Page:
Naproxen is a medication that belongs to a class of drugs called nonsteroidal anti-inflammatories, or NSAIDs. It is available in prescription and nonprescription forms for the treatment of pain, inflammation and fever. In relatively rare cases, use of naproxen can trigger liver damage. Your doctor can look for this damage by checking for elevations in substances called liver enzymes. Consult your doctor before taking a naproxen product.
The U.S. National Library of Medicine’s MedlinePlus lists potential uses for nonprescription forms of naproxen that include fever reduction and relief of mild pain associated with conditions such as the common cold, backaches, headaches, arthritis, painful menstruation and muscle aches. Uses for prescription forms of the medication include treatment of bursitis, tendinitis, gout, osteoarthritis, juvenile arthritis, rheumatoid arthritis and an arthritic condition called ankylosing spondylitis. Naproxen-based medications include products such as Naprosyn, Aleve, Anaprox and Naprelan. Another medication, Vimovo, contains a combination of naproxen and another medication called esomeprazole.
Elevated Liver Enzymes
Enzymes are proteins in your body that act as chemical triggers for the cellular activities that keep you alive from day to day. Each cell in your body produces roughly 3,000 different enzymes, each of which has a specific biochemical task. Cellular damage inside your liver can trigger varying degrees of elevation in three main liver enzymes that circulate in your bloodstream: AST, or aspartate aminotransferase; ALP, or alkaline phosphate; and ALT, or alanine aminotransferase. Two additional liver enzymes —called GGT, or gamma-glutamyl transferase; and LDH, or lactate dehydrogenase — can also elevate in response to cellular damage.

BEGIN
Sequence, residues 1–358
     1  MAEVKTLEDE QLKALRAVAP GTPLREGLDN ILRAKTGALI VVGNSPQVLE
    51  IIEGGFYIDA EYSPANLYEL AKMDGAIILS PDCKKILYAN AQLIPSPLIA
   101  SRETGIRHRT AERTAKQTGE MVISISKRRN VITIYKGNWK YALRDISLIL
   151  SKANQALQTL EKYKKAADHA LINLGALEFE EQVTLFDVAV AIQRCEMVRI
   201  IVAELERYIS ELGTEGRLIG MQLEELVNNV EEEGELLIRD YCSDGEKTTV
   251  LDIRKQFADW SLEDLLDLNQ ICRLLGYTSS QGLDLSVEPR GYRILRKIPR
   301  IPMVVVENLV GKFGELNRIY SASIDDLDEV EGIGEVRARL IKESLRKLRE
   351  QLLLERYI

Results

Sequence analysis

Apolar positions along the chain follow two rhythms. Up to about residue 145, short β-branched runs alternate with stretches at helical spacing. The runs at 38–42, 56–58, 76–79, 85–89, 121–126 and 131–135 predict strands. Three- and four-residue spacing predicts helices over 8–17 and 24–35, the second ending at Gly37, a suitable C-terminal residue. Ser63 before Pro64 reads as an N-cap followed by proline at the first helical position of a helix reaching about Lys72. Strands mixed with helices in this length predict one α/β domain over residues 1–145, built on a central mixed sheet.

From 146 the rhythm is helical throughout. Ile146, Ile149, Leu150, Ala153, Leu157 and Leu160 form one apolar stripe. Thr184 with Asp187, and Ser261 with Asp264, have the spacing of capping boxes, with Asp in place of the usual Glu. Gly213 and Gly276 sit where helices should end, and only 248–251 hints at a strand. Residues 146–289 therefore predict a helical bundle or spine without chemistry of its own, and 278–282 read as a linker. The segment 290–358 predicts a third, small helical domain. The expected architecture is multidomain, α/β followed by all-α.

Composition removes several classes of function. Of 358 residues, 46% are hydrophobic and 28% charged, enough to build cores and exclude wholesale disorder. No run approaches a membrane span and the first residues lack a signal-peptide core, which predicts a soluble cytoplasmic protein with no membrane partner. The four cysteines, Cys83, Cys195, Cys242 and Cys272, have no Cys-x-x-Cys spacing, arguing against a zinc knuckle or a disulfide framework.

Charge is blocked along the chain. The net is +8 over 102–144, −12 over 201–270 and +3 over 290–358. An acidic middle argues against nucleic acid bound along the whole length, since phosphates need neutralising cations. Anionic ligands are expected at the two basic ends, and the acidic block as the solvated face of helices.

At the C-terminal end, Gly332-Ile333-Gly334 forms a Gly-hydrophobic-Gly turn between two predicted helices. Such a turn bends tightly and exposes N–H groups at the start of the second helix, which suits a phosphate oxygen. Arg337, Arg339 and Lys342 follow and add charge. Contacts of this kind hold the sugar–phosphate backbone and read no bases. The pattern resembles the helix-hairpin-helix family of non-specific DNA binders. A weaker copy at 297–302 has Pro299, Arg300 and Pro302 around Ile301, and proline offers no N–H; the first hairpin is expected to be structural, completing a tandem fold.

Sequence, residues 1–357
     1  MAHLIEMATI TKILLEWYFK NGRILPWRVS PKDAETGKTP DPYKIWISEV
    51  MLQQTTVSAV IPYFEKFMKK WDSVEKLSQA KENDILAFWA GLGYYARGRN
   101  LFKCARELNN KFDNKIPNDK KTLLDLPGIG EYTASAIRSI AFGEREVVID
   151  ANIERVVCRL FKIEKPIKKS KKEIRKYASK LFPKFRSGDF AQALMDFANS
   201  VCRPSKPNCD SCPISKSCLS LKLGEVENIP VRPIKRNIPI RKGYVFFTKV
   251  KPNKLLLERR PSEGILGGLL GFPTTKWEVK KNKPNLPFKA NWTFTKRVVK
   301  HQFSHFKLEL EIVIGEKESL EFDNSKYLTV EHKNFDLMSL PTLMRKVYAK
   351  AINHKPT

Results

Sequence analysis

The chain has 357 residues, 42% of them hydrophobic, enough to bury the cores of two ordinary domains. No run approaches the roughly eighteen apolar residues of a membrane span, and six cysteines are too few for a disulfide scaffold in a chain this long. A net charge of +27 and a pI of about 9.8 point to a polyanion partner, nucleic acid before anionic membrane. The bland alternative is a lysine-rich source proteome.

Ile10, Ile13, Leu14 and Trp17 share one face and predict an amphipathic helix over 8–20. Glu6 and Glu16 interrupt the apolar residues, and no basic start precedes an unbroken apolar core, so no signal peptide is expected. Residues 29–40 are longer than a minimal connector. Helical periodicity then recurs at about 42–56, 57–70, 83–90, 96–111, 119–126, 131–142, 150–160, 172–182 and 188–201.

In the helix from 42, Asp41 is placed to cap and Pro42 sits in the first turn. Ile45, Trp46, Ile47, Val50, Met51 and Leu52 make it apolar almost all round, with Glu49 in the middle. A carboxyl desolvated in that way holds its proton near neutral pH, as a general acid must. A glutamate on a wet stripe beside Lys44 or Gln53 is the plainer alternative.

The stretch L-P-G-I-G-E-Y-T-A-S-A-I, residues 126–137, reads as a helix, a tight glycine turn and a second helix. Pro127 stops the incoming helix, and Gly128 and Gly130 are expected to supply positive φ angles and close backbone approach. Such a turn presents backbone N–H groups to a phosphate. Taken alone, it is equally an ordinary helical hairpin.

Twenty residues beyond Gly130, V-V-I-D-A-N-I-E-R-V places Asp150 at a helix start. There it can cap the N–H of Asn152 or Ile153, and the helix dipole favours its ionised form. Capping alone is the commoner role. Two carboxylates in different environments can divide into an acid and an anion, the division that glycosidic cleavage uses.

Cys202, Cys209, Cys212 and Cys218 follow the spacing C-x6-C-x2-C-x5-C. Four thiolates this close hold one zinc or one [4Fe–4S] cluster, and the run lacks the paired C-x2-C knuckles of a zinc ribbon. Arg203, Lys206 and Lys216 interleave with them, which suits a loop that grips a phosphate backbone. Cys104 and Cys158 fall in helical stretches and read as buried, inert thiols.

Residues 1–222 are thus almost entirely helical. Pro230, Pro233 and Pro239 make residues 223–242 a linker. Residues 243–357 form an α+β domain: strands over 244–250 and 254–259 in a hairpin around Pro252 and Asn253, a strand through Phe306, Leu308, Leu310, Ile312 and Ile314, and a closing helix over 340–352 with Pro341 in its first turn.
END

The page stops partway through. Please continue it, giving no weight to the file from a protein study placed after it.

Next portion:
When you take naproxen and certain other types of medications, your body relies on your liver to help break them down. If you take too much of a medication, or if your liver processes a medication abnormally slowly, you can develop liver damage. Use of naproxen can sometimes produce a form of damage called drug-induced hepatitis, MedlinePlus reports. In addition to elevated liver enzymes, potential signs or symptoms of naproxen-related liver problems include the yellowing of your eyes or skin associated with jaundice, itching, nausea, symptoms similar to those found in cases of the flu, and pain or tenderness in the area beneath the right side of your ribs.
To check your liver enzymes, your doctor must perform a blood test called a liver panel. While this test can reveal the presence of enzyme elevation, it cannot determine the specific cause of that elevation, and your doctor will need to perform additional diagnostic tests to pinpoint the source of your liver problems. If you develop liver-related symptoms while taking naproxen, discontinue use of the medication and contact your doctor as soon as possible. Consult your doctor for more information on naproxen’s liver-related effects, as well as information on naproxen’s potential effects on other parts of your body.